Turkish Journal of Veterinary & Animal Sciences




A study was conducted to compare the clinical effects of xylazine, ketamine, and a cocktail of them in pigeons (Columbia livia). For this study 15 adult and healthy pigeons were divided into 3 equal groups: A - xylazine (16 mg/kg), B - ketamine (60 mg/kg) and C - xylazine-ketamine cocktail (8 mg/kg + 30 mg/kg, respectively). All treatments were administered intramuscularly. Onset of action was smooth with a mean time of onset of 13.4 ± 2.78 min, 11 ± 1.49 min, and 1.6 ± 0.51 min, respectively. In group A and B light sedation and a light plane of anaesthesia were achieved, respectively, accompanied by superficial analgesia. Group C birds showed deep anaesthesia accompanied by profound analgesia. Hypothermia, respiratory depression (due to intercostals muscle relaxation and hypothermia) and bradycardia persisted until recovery in groups A and C, while birds in group B showed hyperthermia, tachycardia, and shallow respiration. The effects persisted for 33.7 ± 5.94 min, 47.7 ± 8.06 min, and 112.9 ± 36.51 min, with a recovery period of 65.9 ± 22.22 min, 52.6 ± 9.64 min, and 96.2 ± 19.06 min, for groups A, B, and C, respectively. Recovery was rough in group B and smooth in groups A and C. Results of the study suggested that in pigeons the use of xylazine (alone) is safe for handling and less painful procedures while a xylazine-ketamine cocktail is a suitable anaesthesia for painful procedures at the dosages used in the study. Ketamine alone is not recommended for anaesthesia in pigeons.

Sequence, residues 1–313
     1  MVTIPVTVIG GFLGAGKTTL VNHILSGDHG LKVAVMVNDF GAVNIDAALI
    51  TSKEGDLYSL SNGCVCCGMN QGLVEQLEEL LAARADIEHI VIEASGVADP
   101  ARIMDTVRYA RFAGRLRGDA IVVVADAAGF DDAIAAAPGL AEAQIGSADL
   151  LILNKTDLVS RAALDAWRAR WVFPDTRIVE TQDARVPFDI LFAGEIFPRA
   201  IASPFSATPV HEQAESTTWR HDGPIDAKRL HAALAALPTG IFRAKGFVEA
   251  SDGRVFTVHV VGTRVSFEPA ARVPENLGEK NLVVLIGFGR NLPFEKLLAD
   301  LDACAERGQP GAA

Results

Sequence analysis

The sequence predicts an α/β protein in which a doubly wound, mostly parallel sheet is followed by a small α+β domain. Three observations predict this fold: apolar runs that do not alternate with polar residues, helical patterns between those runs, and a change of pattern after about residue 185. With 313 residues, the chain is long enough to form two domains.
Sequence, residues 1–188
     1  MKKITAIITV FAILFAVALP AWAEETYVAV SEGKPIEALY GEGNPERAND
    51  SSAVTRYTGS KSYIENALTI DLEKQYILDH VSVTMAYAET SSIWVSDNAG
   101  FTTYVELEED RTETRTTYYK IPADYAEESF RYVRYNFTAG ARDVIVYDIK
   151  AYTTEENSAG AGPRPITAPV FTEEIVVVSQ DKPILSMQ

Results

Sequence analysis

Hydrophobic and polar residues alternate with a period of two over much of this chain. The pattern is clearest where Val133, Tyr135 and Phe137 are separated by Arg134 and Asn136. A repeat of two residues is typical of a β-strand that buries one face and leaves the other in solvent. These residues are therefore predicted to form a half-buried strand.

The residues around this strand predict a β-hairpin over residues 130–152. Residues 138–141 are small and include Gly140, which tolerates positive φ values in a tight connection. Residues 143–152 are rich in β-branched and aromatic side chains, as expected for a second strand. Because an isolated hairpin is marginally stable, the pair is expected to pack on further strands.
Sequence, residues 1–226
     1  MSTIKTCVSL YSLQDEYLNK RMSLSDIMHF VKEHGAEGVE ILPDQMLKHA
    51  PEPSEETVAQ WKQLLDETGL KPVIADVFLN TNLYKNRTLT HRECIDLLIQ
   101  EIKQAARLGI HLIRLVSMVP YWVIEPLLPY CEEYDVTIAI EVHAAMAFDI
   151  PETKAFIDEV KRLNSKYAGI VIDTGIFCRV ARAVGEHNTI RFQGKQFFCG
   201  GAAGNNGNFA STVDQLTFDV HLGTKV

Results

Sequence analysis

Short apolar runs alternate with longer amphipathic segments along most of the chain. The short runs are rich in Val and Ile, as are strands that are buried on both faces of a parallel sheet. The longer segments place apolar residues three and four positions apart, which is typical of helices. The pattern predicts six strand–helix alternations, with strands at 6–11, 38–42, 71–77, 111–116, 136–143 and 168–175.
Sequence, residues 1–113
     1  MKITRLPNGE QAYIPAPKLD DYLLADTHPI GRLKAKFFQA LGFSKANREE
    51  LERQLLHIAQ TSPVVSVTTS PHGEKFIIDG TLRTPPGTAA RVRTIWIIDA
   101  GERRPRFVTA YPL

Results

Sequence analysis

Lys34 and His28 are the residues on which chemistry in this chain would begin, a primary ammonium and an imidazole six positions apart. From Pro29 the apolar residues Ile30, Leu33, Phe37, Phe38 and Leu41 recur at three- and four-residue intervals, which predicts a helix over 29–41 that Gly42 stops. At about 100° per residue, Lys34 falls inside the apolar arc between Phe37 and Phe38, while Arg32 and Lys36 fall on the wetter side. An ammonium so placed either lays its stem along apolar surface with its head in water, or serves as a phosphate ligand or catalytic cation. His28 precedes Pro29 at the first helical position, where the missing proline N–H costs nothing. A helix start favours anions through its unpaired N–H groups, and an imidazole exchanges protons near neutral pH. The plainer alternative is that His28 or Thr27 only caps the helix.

Xylazine-ketamine cocktail, sedatives, anaesthetics, analgesic, pigeons

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